It's that time of year again in India (September 5th) when you see a flood of happy teacher's day messages on social media. These messages are all genuine and come from a place of deep respect and gratitude that people have for their teachers. However, it's been quite a while since I stopped celebrating teacher's day, despite myself being in the teaching profession.
I have been teaching full-time at a university in the USA for over a decade now. And I absolutely love my job as a teacher. I also think that teachers deserve all the respect and appreciation that they receive on the different days designated to celebrate teacher's day around the world. Then, why do I seem to be against the celebration of the Indian teacher's day?
Well, before I answer that question, let me dial back the clock to one of my most memorable teacher's day celebrations. That was the year when I was a high school senior. It was a tradition at my school (Kendriya Vidyalaya) that on this day the high school seniors gave the teachers a break from teaching by taking up the responsibility of teaching all the lower classes. The teachers observed us while we were teaching and gave us feedback on how we did. I don't remember what I taught that day but I must have done a fairly good job because Ms. Binodini Mishra, one of my favorite teachers at school, who incidentally observed my teaching that day, was full of praise for me afterward. Not sure if I deserved all the praise but I was elated nonetheless. Who knows, but those positive feelings might have also influenced my decision to become a teacher later in life.
In any case, coming back to the question of why I have stopped celebrating teacher's day, let me share three main reasons.
Teacher's day in India is celebrated in memory of Dr. Sarvapalli Radhakrishnan who was the 2nd President of India. Interestingly, this tradition did not start after his death in 1975, but in 1962, the year he was elected to the office of the President of India. What kind of self-aggrandizer selects his own birthday as a national holiday to be celebrated in his honor while he is still alive?
Maybe Dr. Radhakrishnan didn't have a role in it and the Prime Minister's office decided it as a way to honor him. Choosing Dr. Radhakrishnan's birthday was in many ways appropriate. After all, he had held professorial positions at various universities in India and abroad, and was known to be a good teacher. He had also written several books on philosophy and religion. So, it must have made sense to celebrate teacher's day in India on his birthday. However, even this argument does not hold water, because in India we already had a day to celebrate teachers, which was Guru Poornima.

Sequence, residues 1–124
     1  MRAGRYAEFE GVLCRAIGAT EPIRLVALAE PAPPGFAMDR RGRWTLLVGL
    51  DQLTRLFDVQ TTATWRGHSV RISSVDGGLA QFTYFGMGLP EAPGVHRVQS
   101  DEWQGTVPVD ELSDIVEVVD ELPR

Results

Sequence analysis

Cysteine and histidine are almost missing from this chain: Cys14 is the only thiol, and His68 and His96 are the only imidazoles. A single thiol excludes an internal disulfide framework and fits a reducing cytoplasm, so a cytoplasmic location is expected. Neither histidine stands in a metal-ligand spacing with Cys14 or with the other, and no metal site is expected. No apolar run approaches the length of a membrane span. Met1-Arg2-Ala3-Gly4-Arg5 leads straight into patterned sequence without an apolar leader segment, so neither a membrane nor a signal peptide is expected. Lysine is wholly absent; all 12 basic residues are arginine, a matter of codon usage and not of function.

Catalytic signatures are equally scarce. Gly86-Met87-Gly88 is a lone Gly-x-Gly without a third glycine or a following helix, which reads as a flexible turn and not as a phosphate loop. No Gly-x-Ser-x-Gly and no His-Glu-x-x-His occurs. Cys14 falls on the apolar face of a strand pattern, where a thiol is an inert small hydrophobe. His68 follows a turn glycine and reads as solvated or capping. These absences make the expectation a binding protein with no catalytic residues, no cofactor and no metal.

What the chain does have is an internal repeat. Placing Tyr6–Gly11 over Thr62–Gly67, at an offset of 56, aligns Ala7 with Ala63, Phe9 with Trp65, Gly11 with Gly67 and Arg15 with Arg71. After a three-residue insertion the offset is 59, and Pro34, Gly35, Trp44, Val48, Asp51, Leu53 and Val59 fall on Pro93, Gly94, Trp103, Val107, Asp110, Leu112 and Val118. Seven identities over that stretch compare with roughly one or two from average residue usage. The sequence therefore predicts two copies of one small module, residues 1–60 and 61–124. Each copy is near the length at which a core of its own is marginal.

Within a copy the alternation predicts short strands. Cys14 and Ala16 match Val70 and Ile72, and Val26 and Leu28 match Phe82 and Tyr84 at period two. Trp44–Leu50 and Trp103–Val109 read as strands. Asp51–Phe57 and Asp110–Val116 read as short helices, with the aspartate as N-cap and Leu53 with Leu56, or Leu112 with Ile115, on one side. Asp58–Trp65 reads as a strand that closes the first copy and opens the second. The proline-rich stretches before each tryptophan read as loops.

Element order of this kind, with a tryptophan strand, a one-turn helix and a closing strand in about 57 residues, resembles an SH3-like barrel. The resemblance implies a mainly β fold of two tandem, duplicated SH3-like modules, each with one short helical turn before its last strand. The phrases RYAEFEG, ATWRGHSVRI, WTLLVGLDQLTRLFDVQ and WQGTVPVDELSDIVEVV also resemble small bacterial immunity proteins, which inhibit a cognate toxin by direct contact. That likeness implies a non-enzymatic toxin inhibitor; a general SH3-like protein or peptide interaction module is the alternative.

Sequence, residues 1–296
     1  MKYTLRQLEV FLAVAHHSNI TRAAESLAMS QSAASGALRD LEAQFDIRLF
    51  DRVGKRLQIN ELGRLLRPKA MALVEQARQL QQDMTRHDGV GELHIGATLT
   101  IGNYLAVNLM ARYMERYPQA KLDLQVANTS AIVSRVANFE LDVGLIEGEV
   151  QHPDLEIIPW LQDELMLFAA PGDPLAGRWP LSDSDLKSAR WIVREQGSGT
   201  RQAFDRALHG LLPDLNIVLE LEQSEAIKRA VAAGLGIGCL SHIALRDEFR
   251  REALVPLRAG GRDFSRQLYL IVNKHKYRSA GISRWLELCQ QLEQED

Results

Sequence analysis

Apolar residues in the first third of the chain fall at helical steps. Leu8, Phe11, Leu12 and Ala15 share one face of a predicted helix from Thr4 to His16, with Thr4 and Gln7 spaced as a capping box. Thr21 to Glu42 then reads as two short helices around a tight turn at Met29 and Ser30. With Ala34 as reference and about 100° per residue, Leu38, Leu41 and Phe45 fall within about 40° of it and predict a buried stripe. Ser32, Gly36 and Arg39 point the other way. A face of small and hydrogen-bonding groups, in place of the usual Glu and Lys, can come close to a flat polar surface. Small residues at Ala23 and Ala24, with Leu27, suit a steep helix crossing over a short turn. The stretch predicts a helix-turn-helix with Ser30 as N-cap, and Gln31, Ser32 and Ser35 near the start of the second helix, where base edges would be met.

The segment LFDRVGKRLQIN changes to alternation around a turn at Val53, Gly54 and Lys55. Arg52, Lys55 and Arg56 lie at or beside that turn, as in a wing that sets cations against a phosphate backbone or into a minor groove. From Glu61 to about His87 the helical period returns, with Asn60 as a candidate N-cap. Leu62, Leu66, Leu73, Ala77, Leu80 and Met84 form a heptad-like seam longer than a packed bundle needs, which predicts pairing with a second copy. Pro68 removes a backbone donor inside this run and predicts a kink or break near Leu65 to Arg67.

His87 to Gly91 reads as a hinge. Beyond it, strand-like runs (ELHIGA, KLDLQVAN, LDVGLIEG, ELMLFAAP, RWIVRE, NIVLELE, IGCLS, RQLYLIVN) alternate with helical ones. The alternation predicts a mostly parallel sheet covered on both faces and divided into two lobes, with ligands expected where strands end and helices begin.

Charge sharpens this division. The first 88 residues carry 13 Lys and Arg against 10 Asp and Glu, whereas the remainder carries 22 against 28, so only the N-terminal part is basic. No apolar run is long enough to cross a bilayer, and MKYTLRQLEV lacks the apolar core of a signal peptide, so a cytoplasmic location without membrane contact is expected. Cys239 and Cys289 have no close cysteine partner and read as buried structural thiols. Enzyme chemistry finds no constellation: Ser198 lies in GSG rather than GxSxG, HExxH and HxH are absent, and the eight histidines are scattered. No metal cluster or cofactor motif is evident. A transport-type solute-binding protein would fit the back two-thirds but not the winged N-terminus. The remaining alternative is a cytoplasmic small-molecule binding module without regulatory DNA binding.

India has had a long tradition of honoring teachers. It is probably the only culture where teachers have been equated to the status of God. A teacher isn't literally God, but s/he is considered God-like (गुरु शाक्षात परब्रम्हा) in the Hindu tradition because of the critical role that teachers play in removing our ignorance as well as in helping realize our best self.
For thousands of years before 1962, we honored our teachers on the day of Guru Poornima. In the Yogic tradition, Guru Poornima is the day Lord Shiva became Adi Guru (or the first guru for mankind) by teaching the Sapta Rishis (the seven sages) who formed the foundation of Sanatana Dharma. Guru Poornima is also the birthday of Veda Vyasa, who not only authored the Mahabharata but was one of the rishis who made the Vedas and Puranas accessible to mankind. Even the Buddhists celebrated this day because Gautam Buddha gave his first sermon on this day. The vibrations of the Guru Tatwa (or the energy of the guru principle) is said to be at its peak on this day, which makes it ideal for us to connect with a guru and receive his or her grace.
What was the need to create another teacher's day when we already had a long and venerable tradition of honoring our teachers on Guru Poornima? It was most likely another one of those attempts by Nehru to remove everything Hindu from India and replace it with "secular" symbols and traditions.
Celebrating Radhakrishnan's birthday as Teacher's Day is also problematic because he was accused of plagiarism. The worst part is that he stole from his student's thesis. Radhakrishnan was one of the examiners of the doctoral thesis written by a brilliant Calcutta University student named Jadunath Sinha. In a letter published in the January 1929 issue of The Modern Review, Sinha alleged that Radhakrishnan had plagiarised his work. He provided forty examples to back up his claim and cited another seventy instances of plagiarism in the next issue. The dispute escalated to court. Dr. S. Radhakrishnan had a lot of influence, and Jadunath Sinha was under a lot of pressure to settle the plagiarism case outside of court. In the end, Sinha succumbed and settled out of court through a decree of compromise, although the terms of settled were never disclosed.
I haven't personally compared the works of Radhakrishnan and Sinha, so I can't say for certain whether or not Radhakrishnan committed plagiarism. However, the fact that he was accused of plagiarism by a student who published 110 concrete instances of plagiarism in a leading journal of the times lends some credence to the allegation. It raises serious questions about Radhakrishnan's character. Should we continue celebrating his birthday as Teacher's Day, knowing that he may have stolen from his own student?
To sum up, I believe that we should go back to celebrating Guru Poornima as Teacher's Day. It is a day that has been steeped in tradition for thousands of years, and it is a day that honors all teachers, not just one individual. What do you think? Let me know in the comments below.